Sunday, December 30, 2007


We've been traveling 'n stuff, so I haven't had much chance to blog. Here are a few highlights to keep you entertained.

My brother-in-law and his girlfriend have a dog (an english bull dog, if you must know) and they named it Boobies. Because everyone loves Boobies (I did enjoy playing with Boobies, she's a cute puppy).

We went to Tahoe to meet up with family who had been skiing/snowboarding, but since we didn't have the time or money ourselves we went to a place that rented tubes and we slid down a hill for an hour. The real fun started when it was time to leave the parkinglot and a minivan couldn't quite make it over the ice. Every time the van started to slide the driver would slam on the brakes in a panic. After getting advice from about 52 people and an aborted attempt to put on chains, a solicitous individual offered to drive the van out, which he did successfully. Now it's time for fun with stereotypes - the owner of the van was Persian, the hero was Asian. Now you know how they rate on their snow-driving skill.

Note: I am not racisit! Stereotypes exist for a reason (usually); they do not exist to judge people, nor to discriminate against them. Any appearance of racism is completely accidental. Have fun, people - go watch Carlos Mencia or something.

Monday, December 17, 2007

Saturday, December 15, 2007

The finals are done, man.

Does anything feel so good as getting through a semester? All this stuff that I've been worrying about for the last four months is now done.

--big sigh--

Friday, December 07, 2007

The Cluetrain Manifesto

I came across this site the other day and it struck me how easy it would be to substitute "the church" for "companies/corporations" and "the unchurched" for "markets" in nearly all of these points. There are some profound statements made:

14. Corporations do not speak in the same voice as these new networked conversations. To their intended online audiences, companies sound hollow, flat, literally inhuman.

Already, companies that speak in the language of the pitch, the dog-and-pony show, are no longer speaking to anyone.

Companies can now communicate with their markets directly. If they blow it, it could be their last chance.

Companies need to realize their markets are often laughing. At them.

Companies need to lighten up and take themselves less seriously. They need to get a sense of humor.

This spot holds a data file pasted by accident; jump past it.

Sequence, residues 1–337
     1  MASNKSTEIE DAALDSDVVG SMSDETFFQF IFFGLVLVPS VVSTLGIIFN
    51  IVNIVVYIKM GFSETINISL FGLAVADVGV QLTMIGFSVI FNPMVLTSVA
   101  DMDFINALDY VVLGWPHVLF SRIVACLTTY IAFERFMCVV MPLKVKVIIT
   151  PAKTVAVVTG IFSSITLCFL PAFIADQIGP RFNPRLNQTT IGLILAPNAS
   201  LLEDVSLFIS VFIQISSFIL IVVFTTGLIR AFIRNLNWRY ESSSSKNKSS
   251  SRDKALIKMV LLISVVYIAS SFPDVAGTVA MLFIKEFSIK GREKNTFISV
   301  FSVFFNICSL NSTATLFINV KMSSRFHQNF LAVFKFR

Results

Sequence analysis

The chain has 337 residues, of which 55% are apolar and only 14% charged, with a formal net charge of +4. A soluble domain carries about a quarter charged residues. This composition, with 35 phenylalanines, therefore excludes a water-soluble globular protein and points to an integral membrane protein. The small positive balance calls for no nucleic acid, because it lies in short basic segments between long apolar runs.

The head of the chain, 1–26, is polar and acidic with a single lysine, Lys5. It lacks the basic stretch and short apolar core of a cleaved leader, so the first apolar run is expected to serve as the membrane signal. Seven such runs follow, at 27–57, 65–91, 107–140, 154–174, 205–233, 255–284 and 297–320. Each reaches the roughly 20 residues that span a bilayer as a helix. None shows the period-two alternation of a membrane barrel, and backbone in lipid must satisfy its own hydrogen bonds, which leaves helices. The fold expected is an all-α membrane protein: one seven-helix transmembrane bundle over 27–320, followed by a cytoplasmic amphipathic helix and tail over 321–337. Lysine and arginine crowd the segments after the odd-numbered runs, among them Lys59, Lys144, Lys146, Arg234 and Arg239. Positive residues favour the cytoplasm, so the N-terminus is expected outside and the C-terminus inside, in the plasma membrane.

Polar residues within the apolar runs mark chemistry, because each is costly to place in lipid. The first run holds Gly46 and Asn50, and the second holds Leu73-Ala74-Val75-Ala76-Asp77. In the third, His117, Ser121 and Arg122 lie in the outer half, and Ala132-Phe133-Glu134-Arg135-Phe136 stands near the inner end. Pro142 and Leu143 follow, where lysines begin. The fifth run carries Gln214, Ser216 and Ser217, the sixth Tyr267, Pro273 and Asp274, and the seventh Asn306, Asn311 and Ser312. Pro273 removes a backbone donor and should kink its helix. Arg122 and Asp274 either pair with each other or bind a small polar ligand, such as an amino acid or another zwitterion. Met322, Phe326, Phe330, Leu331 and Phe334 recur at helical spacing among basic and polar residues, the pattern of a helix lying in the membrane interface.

Getting a sense of humor does not mean putting some jokes on the corporate web site. Rather, it requires big values, a little humility, straight talk, and a genuine point of view.

Companies attempting to "position" themselves need to take a position. Optimally, it should relate to something their market actually cares about.

Bombastic boasts—"We are positioned to become the preeminent provider of XYZ"—do not constitute a position.

Companies need to come down from their Ivory Towers and talk to the people with whom they hope to create relationships.

Public Relations does not relate to the public. Companies are deeply afraid of their markets.

By speaking in language that is distant, uninviting, arrogant, they build walls to keep markets at bay.

Most marketing programs are based on the fear that the market might see what's really going on inside the company.

Tuesday, December 04, 2007

mmmm papers

Yup, I'm writing papers (again). Who am I kidding? I pretend to hate all this stuff, but when it comes down to it, I really enjoy the academic pursuits. I'm excited to share what I learn. Here's a teaser - I'm writing now on how the internet has changed the way that we think and how preaching needs to respond to that change in order to continue to be relevant.

Update: I'm done! I'm not sure if it's any good, but I'm done. So, if you want to wade through my writing you can check it out here. I promise I won't be mad if you have some constructive criticism for me (I actually like it).